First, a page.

The object type, varray, or nested table type must be in your own schema or you must have the
TYPE system privilege.
Specify the schema containing the type. If you omit
schema, then the database assumes the type is in your own schema.
Specify the name of the object, varray, or nested table type to be dropped. You can drop only types with no type or table dependencies.
type_name is a supertype, then this statement will fail unless you also specify
FORCE. If you specify
FORCE, then the database invalidates all subtypes depending on this supertype.
type_name is a statistics type, then this statement will fail unless you also specify
FORCE. If you specify
FORCE, then the database first disassociates all objects that are associated with
type_name and then drops
type_name is an object type that has been associated with a statistics type, then the database first attempts to disassociate
type_name from the statistics type and then drops
type_name. However, if statistics have been collected using the statistics type, then the database will be unable to disassociate
type_name from the statistics type, and this statement will fail.
type_name is an implementation type for an indextype, then the indextype will be marked
type_name has a public synonym defined on it, then the database will also drop the synonym.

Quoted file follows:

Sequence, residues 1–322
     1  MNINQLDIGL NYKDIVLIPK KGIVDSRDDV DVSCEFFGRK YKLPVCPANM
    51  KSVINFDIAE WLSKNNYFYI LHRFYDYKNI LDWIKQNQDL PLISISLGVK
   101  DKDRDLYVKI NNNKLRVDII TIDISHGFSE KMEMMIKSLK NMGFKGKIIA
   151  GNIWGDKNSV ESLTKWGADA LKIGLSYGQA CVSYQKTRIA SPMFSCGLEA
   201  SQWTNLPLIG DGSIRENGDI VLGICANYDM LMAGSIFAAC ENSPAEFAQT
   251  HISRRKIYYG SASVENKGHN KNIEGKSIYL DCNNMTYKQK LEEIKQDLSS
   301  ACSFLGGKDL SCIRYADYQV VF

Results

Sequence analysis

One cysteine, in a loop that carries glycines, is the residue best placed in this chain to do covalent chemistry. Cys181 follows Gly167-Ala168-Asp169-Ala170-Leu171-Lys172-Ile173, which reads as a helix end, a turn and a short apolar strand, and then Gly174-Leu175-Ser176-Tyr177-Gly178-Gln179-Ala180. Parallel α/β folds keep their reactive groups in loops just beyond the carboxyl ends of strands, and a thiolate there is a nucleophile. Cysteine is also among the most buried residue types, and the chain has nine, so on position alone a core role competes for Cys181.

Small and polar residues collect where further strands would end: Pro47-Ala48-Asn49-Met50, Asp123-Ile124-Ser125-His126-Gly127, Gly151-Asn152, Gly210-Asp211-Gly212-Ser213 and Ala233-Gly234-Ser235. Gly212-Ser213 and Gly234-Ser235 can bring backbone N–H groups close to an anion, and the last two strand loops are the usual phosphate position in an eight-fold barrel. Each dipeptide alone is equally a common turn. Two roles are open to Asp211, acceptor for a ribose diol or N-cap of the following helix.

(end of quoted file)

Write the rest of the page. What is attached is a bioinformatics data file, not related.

Unless you specify
FORCE, you can drop only object types, nested tables, or varray types that are standalone schema objects with no dependencies. This is the default behavior.
See Also:Oracle Database SQL Language Reference for information about the
FORCE to drop the type even if it has dependent database objects. the database marks
UNUSED all columns dependent on the type to be dropped, and those columns become inaccessible.
Caution:Oracle does not recommend that you specify
FORCEto drop object types with dependencies. This operation is not recoverable and could cause the data in the dependent tables or columns to become inaccessible.
If you specify
VALIDATE when dropping a type, then the database checks for stored instances of this type within substitutable columns of any of its supertypes. If no such instances are found, then the database completes the drop operation.
This clause is meaningful only for subtypes. Oracle recommends the use of this option to safely drop subtypes that do not have any explicit type or table dependencies.
Dropping an Object Type: Example The following statement removes object type
person_t. See Type Hierarchy Example for the example that creates this object type. Any columns that are dependent on person_t are marked
UNUSED and become inaccessible.
DROP TYPE person_t FORCE;